PARKERSBURG - Wood County Schools administrators say the number of students receiving free or reduced-price meals has reached a record high, even as enrollment in the school system has dropped.
During Tuesday's meeting of the Wood County Board of Education, Superintendent Pat Law presented start-of-year statistics for the school system, including enrollment numbers and the percentage of students eligible for subsidized meal programs.
The federal free and reduced-price meal programs are available to qualifying low-income families. This school year 55.69 percent of the district's 13,368 students are receiving meals through the federal program. The percentage translates to more than 7,400 students qualifying for federal aide, the vast majority for free meals.
Wood County Board of Education members Lawrence Hasbargen, left, and Tad Wilson, right, review student data at Tuesday’s board meeting. Officials said the number of Wood County Schools students receiving free and reduced-price meals is at an all-time high for the school system, even as total enrollment has dropped. (Photo by Michael Erb)
"That is the highest percentage we've ever had in Wood County," Law said.
The numbers are increasing at nearly every school, he said.
"Some of our schools that we would consider to be in affluent areas are now at more than 30 percent," Law said. "One-third of their students are eligible for free or reduced-price meals."
Board member Jim Fox said the numbers illustrates economic hardship in the community and the need for Wood County Schools to offer programs to help those students, such as after-school tutoring.
"It's even more important that we reach out to these families and bring these programs to them," he said.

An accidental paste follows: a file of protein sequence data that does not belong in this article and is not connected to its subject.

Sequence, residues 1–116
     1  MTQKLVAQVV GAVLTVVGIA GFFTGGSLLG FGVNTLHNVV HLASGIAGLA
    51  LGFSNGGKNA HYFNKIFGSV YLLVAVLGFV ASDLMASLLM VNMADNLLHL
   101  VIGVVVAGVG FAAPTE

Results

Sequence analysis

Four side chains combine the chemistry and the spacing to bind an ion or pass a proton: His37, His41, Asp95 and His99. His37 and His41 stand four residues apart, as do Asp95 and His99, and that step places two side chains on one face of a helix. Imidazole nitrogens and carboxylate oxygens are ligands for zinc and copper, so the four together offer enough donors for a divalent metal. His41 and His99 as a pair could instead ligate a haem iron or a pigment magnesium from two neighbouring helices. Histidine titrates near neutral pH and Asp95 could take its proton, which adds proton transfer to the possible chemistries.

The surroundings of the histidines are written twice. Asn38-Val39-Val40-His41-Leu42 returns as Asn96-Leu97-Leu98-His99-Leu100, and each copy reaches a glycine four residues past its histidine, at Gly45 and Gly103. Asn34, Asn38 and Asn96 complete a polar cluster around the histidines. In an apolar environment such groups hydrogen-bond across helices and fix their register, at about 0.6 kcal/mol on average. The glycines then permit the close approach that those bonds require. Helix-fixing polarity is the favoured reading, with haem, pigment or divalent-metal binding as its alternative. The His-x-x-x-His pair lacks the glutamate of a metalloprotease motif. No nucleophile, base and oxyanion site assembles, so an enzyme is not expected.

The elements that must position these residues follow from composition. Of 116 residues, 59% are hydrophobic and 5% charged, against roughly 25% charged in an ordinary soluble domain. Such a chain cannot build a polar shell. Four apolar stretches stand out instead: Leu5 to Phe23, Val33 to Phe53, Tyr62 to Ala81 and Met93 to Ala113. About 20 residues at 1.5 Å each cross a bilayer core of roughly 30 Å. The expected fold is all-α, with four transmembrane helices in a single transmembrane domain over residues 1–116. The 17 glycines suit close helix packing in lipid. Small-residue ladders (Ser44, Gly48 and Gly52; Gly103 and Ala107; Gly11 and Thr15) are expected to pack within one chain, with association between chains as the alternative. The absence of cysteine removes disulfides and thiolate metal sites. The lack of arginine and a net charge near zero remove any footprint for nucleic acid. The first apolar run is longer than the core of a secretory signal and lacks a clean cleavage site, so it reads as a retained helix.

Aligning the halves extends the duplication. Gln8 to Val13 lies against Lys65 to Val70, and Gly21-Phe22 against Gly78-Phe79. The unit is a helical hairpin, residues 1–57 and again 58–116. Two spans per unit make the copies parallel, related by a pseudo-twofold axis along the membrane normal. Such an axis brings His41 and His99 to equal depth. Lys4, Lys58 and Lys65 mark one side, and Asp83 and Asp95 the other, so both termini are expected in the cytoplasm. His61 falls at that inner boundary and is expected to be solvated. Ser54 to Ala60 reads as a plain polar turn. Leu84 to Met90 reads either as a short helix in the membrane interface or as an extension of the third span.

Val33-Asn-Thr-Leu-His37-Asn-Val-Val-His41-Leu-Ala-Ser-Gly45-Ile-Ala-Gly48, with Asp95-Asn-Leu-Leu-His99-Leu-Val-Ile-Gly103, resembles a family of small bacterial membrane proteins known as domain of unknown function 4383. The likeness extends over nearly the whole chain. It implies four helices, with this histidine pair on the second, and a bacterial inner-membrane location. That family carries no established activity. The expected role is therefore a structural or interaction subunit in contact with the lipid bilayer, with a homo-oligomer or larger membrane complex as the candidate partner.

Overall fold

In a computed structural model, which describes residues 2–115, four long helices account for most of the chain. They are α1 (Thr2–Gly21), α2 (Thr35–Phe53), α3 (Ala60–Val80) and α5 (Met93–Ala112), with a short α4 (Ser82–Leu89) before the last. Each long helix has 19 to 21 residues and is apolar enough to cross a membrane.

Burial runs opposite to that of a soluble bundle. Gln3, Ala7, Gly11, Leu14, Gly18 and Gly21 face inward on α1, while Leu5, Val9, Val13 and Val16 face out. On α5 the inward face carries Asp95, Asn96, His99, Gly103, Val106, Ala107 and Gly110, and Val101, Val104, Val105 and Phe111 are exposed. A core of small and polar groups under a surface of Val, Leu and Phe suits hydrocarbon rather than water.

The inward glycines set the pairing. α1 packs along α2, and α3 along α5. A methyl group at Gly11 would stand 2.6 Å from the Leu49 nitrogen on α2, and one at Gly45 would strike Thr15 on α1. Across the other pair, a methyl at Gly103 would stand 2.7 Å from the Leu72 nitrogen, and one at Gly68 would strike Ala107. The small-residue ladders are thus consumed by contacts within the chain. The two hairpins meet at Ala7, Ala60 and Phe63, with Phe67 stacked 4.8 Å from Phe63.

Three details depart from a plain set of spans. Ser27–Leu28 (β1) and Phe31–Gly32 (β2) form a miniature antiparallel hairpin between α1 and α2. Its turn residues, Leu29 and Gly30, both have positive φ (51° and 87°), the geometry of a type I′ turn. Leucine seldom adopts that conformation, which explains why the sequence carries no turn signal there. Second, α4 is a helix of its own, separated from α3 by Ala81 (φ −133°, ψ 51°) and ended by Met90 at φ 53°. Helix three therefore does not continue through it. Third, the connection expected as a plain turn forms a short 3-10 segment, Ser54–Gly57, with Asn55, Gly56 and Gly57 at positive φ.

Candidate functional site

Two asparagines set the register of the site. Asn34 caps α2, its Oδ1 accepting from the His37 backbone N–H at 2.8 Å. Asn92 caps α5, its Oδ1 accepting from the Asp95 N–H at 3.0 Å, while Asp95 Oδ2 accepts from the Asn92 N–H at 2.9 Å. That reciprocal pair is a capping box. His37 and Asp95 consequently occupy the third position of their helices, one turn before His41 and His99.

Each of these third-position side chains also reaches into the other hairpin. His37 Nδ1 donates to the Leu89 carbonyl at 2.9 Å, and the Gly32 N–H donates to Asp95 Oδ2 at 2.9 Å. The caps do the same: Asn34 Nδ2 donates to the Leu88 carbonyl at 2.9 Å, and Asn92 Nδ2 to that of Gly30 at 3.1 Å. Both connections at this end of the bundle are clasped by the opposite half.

However, in June the Wood County Board of Education voted 0-4 against participation in a federal pilot program that would have given free meals to all students at 17 area schools. Board member Tad Wilson did not attend the meeting and did not vote.
At the time of the vote, board members expressed concern the program did not benefit students in all 27 schools. Officials had planned to institute the program at 15 area elementary schools and two middle schools.
Board members, including Fox, also took issue with the idea of all children at a school getting free meals, including those from relatively well-to-do families. The board expressed annoyance the program was brought to their attention the same night they were asked to approve it, a quick turnaround district officials said was due to tight federal application deadlines.
State officials have hailed the program as an important step forward in feeding children and promoting the state's student nutrition programs. Wood County Schools is one of 19 school systems in West Virginia that opted not to participate in that program.
Fox could not immediately be reached Wednesday for additional comments.
Law said Tuesday officials have seen the increasing need in recent years even as total enrollment has declined. This month's enrollment is about 100 students fewer than in September 2011.
"The decrease in the number of students will affect our funding from the state," Law said, "and that will affect personnel."
Wilson said he hopes the recent announcement of new jobs coming to Public Debt will mean new families moving to the area and will help bring back some student enrollment.